Fall 2011 Strategic Practice 3: Section 2 (Simpson's Paradox) - Question 1
Consider the following:
(a) Is it possible to have events A, B, E such that P(A|E) < P(B|E) and $P(A|E^{c}), yet P(A) > P(B)? That is, A is less likely under B given that E is true, and also given that E is false, yet A is more likely than B if given no information about E. Show this is impossible (with a short proof) or find a counterexample (with a "story" interpreting A, B, E).
(b) Is it possible to have events A, B, E such that $P(A|B, E) and $P(A|B, E^{c}), yet $P(A|B)>P(A|B^{c})$? That is, given that E is true, learning B is evidence against A, and similarly given that E is false; but given no information about E, learning that B is true is evidence in favor of A. Show this is impossible (with a short proof) or find a counterexample (with a "story" interpreting A, B, E).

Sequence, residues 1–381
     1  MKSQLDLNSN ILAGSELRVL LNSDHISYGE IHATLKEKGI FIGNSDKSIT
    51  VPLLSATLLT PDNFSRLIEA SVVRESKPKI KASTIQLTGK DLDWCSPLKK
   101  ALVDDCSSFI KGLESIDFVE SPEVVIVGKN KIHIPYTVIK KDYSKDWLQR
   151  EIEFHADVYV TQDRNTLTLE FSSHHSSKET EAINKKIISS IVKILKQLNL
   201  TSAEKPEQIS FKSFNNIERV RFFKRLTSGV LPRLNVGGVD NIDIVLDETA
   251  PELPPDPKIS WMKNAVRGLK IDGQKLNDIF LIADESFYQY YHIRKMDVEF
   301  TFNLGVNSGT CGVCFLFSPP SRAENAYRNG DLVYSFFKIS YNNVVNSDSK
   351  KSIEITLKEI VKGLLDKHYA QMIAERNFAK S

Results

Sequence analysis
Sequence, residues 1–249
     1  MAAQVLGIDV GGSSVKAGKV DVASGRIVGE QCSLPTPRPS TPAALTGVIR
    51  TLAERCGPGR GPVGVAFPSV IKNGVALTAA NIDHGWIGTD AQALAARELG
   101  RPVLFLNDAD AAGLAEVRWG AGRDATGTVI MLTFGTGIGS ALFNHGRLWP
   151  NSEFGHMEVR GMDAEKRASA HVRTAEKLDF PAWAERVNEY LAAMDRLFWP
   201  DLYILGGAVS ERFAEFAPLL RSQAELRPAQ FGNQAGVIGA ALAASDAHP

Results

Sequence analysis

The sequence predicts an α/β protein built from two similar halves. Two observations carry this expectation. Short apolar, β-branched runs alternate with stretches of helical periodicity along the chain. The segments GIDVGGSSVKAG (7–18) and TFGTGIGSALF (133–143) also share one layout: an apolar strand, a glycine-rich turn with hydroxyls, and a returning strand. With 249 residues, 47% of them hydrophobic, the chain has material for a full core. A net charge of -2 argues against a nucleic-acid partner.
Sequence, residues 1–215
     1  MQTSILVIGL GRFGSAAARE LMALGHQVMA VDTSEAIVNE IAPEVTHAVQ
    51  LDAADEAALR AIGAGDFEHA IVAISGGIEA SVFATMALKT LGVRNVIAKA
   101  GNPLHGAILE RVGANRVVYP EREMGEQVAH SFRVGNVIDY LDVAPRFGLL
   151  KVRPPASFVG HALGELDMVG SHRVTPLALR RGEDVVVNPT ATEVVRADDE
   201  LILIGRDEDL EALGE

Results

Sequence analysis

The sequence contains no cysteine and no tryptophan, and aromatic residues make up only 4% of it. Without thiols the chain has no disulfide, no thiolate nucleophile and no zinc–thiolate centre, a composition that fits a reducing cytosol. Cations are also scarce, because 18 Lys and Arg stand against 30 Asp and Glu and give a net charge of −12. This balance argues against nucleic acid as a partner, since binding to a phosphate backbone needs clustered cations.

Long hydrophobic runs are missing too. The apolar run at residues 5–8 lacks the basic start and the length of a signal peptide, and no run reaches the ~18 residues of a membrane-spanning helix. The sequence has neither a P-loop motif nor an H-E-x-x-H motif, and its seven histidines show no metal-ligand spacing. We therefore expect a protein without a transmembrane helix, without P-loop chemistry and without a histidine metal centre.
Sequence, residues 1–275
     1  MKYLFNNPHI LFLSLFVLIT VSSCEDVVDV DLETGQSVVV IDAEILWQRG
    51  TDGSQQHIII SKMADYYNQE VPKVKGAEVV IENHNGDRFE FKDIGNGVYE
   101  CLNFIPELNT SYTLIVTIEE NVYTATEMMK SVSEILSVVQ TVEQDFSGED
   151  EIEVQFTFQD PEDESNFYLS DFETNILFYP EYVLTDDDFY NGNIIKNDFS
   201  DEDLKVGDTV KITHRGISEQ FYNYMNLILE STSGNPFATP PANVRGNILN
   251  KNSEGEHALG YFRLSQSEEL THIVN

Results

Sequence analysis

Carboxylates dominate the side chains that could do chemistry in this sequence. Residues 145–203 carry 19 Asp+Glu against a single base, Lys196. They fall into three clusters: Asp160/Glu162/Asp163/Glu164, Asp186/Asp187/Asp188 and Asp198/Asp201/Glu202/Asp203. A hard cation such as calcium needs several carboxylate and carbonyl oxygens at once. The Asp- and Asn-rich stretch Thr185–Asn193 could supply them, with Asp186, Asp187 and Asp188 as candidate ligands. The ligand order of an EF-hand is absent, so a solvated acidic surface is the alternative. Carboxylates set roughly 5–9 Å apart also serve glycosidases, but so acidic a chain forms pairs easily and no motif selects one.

Solution: (a) It is not possible, as seen using the law of total probability. (b) Yes, this is possible: this is the structure of Simpson's Paradox! For example, consider the Stampy problem above. Or, consider the two doctors example discussed in class with Dr. Hibbert and Dr. Nick and heart surgeries versus band-aid removal. There are many real-life examples of Simpson's Paradox. For example, it is possible for one baseball player to have a higher batting average than another in each of two seasons, yet a lower batting average when the two seasons are aggregated. Simpson's Paradox illustrates the importance of controlling for additional variables that interfere with the analysis (known as confounders).
"Mathematics is the logic of certainty, but statistics is the logic of uncertainty."
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